In 1999, then-Texas Gov. George W. Bush was forced to distance himself from Remedios Diaz-Oliver when the Associated Press reported that she had recently pleaded guilty to a misdemeanor count of accessory to customs fraud after the fact and one of knowingly providing a false document. Diaz-Oliver had raised at least $25,000 for the Bush campaign at a Miami fundraiser, which campaign spokeswoman Karen Hughes called "unfortunate," adding, "I could only speculate that if the (Miami) volunteers would have known, they would not have asked her to help in the host committee." The Diaz-Olivers and their business partners had been indicted on 18 counts relating to a tax evasion scheme, but Remedios' felony charges were dropped as part of the plea deal. Remedios was given three years' probation and forced to pay $92,012 to the US Customs Service. (The charges centered on a scheme to avoid paying import duties on imported food products by filing fraudulent invoices.) "I can go back to work and I don't have to spend one single day in any place," a relieved Diaz-Oliver told the Miami Herald at the time.

 

"In my 40 years in private business, I have never evaded my tax obligations," Diaz-Oliver wrote in an email to Mother Jones. "Moreover, I have never committed, nor plead, to any felony violations. To the contrary, I have always proudly paid all of my tax dues to this great country, which opened its doors to me. The record stands absolutely clear on that."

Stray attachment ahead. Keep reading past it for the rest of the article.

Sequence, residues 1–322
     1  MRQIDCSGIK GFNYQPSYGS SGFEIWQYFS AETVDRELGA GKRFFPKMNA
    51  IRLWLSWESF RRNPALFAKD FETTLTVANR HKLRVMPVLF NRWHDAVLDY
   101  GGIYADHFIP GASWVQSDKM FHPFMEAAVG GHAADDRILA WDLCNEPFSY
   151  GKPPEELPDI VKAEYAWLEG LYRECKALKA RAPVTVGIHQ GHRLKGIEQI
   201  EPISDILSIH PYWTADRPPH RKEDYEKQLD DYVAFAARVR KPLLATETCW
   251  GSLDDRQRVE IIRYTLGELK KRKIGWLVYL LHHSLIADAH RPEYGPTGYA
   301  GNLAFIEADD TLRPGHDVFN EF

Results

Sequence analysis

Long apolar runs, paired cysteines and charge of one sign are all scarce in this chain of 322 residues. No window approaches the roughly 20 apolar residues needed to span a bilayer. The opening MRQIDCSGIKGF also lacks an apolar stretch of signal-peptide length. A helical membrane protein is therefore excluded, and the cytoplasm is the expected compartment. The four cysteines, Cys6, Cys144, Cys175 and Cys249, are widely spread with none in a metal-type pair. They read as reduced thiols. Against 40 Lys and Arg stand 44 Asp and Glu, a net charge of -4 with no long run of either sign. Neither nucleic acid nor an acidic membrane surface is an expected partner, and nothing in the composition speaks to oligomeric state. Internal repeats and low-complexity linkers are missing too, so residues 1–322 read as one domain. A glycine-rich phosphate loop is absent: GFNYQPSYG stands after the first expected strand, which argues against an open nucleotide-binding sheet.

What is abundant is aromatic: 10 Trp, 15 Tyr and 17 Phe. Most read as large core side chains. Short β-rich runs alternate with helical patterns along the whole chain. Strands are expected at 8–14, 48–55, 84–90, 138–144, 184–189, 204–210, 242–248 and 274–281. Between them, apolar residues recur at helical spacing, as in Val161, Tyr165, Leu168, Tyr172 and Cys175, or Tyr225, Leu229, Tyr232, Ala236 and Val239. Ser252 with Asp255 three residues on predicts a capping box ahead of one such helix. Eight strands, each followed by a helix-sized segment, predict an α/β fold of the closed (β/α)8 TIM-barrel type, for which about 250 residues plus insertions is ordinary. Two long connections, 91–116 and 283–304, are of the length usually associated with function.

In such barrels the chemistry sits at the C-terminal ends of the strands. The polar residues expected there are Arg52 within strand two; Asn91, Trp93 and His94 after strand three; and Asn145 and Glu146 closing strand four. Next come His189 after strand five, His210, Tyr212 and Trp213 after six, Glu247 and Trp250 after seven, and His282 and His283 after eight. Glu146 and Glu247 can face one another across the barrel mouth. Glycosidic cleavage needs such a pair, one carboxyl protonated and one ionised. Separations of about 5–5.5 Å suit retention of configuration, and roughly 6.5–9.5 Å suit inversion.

Fausto Diaz-Oliver, meanwhile pleaded guilty in 1999 as part of the same case, to felony charges of corporate tax evasion and customs fraud. He received a sentence of three years probation and 300 hours of community service.

Remedios Diaz-Oliver's ties to the Romney campaign go well beyond that one shout-out. In a January press release, the Romney campaign named Diaz-Oliver as a member of its National Hispanic Steering Committee, alongside prominent Republicans, including former Florida Sen. Mel Martinez. That month, the couple appeared at an event for the US-Cuba Democracy Political Action Committee, of which Diaz-Oliver is a member. In May, both Diaz-Olivers co-chaired a fundraiser for the Romney Victory Fund at the Biltmore Hotel in Coral Gables, where a $10,000 contribution or a $25,000 bundle of donations earned funders a photo with the candidate.